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Saturday, December 27, 2008

Looking back on 2009 


My new favorite historian, Niall Ferguson, has written a speculative "look back" at 2009. In the political analysis there is something in there to annoy everybody (except, perhaps, wholly unreconstructed fans of Barack Obama), but the economic forecast is as spot-on as any I have read. Note particularly Ferguson's claim, which I have read elsewhere, that notwithstanding European whining that the present crisis is the fault of the United States, their banks have even more bad loans than ours. The U.S. dollar will continue to be a safe haven, in Ferguson's vision, and the "Chimerica" linkage will strengthen rather than weaken. All interesting, even if scary, stuff.


12 Comments:

By Anonymous meta-4, at Sun Dec 28, 08:05:00 AM:

And, watch gold very carefully. Could skyrocket here....  

By Blogger smitty1e, at Sun Dec 28, 08:49:00 AM:

Natural disaster and war did not show up here.
Hopefully, reality agrees.
Pray for peace.  

By Anonymous sirius_sir, at Sun Dec 28, 11:36:00 AM:

I will grant that in the short term (maybe extending to the end of 2009) the economy may benefit from the Fed's infusion of money, and why shouldn't it? But long term, I think the damage done to the capitalist system will tell.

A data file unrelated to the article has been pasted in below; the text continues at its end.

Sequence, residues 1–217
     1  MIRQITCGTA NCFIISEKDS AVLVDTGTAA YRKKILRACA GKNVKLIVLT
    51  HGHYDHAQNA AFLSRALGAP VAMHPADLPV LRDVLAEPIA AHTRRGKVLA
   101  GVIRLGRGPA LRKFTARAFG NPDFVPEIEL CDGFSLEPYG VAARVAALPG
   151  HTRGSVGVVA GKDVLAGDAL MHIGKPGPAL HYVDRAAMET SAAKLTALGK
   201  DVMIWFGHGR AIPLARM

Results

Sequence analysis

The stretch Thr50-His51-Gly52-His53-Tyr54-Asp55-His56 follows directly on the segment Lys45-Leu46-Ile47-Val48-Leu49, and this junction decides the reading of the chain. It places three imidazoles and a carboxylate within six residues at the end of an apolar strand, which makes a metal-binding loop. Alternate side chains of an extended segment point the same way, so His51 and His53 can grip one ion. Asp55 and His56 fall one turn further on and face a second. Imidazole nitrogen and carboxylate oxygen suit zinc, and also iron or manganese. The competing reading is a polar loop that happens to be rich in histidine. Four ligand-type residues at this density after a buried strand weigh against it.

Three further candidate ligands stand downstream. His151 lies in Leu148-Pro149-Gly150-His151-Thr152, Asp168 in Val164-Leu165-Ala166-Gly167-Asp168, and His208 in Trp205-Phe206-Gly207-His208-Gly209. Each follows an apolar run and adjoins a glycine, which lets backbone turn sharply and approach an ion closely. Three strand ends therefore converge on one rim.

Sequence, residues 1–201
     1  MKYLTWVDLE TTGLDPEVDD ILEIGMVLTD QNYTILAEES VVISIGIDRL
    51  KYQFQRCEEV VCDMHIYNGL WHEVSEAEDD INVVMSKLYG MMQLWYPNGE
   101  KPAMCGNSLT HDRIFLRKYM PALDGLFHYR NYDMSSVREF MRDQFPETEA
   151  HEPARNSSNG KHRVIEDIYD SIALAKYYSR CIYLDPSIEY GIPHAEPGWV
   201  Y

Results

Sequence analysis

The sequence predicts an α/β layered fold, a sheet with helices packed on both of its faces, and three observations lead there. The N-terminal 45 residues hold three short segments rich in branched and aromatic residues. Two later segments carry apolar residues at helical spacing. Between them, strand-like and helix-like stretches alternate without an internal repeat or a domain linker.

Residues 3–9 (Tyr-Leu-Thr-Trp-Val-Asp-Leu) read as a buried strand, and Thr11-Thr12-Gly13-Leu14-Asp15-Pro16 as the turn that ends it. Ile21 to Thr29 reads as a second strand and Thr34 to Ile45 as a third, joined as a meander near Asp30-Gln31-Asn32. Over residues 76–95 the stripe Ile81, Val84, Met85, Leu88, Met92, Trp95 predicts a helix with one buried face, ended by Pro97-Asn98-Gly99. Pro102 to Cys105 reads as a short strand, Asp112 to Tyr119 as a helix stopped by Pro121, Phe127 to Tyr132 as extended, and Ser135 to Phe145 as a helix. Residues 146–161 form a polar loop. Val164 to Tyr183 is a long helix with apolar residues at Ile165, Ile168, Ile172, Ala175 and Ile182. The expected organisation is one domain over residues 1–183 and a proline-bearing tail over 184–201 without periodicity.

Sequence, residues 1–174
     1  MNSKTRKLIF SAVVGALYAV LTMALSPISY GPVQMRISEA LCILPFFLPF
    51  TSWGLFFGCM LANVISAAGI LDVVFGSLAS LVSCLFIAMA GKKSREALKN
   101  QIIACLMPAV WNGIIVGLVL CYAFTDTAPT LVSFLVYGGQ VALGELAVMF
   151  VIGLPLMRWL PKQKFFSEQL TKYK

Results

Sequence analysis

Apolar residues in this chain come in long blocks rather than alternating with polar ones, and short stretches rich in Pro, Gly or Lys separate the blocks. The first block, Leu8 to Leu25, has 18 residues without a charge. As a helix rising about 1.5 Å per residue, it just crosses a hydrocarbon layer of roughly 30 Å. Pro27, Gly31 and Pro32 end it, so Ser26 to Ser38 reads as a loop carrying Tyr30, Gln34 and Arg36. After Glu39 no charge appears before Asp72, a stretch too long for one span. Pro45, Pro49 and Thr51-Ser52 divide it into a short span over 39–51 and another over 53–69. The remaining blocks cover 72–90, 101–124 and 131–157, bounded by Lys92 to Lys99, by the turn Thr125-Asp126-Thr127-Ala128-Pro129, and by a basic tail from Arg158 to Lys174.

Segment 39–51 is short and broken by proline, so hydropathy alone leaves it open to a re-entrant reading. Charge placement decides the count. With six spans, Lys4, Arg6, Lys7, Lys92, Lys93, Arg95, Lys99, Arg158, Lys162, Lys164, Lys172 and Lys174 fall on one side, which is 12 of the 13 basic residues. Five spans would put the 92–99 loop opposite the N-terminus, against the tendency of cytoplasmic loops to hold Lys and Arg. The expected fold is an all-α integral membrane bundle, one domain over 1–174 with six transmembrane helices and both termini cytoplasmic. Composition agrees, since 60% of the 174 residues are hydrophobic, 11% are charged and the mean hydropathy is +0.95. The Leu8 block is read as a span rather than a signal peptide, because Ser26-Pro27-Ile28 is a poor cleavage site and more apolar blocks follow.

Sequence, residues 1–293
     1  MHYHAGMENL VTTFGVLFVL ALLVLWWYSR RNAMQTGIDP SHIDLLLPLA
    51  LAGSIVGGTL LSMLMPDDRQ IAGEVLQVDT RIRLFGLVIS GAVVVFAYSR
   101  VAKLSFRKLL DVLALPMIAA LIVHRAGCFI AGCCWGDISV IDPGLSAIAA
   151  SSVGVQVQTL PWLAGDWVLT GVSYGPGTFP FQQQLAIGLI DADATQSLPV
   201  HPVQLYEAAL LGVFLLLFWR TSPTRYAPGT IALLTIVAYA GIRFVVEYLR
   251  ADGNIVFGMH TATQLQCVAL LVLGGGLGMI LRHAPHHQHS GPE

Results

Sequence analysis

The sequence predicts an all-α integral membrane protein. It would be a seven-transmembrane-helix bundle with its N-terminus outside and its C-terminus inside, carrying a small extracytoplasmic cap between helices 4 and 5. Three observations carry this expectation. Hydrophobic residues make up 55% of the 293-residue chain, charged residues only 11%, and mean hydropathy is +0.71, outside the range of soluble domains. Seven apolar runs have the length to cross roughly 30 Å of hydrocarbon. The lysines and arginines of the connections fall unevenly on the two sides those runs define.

Ferguson mentions obliquely "systemic" damage in one paragraph and in the next mentions "the worst economic crisis in 70 years" and yet we are to suppose that by the end of 2009 everything is better?

I think 2009 will be just the beginning of what's to come, only some small foretaste of which we are savouring now.  

By Anonymous Anonymous, at Sun Dec 28, 11:50:00 AM:

Japan's case is interesting. Having already weathered a long deflation, Japanese companies are cash flush and have little debt. The best of these companies also have premier manufacturing capabilities and brand names. Japan has a huge opportunity to boost itself economically.

The article is, to me, too optimistic since Ferguson largely ignores the possibility of American military withdrawal from many countries of the world, in the name of reducing defense expenditures, which will inevitably mean greater conflict across the world. We will see the return of many small wars going on across the globe simultaneously, only this time the weapons used could be far more destructive (read "WMD"). The world-wide political/military fallout of the Great Repression could be something we must withstand for many years, if not decades.  

By Anonymous Bird of Paradise, at Sun Dec 28, 03:43:00 PM:

Just wait for everything to go up TAXES,REGULATIONS,BURACRACY,ILLEGAL IMAGRATIONS and all sorts of rediculous plans by the demacreeps  

By Anonymous el gordo, at Sun Dec 28, 03:51:00 PM:

Can I summarize this fantasy in one sentence?

"Once Obama gets to run the entire economy himself everything will be fine even though we will drown in debt."

It is the end of the Republic but Ferguson feels fine.  

By Anonymous adam hartung, at Sun Dec 28, 08:45:00 PM:

Forecasting is not worth the bother, because it's based on the past. Just look at the forecast accuracy for 2008. What businesses need to do now is scenario planning based on the future. That will better prepare them for 2009 and beyond. Read more at http://www.ThePhoenixPrinciple.com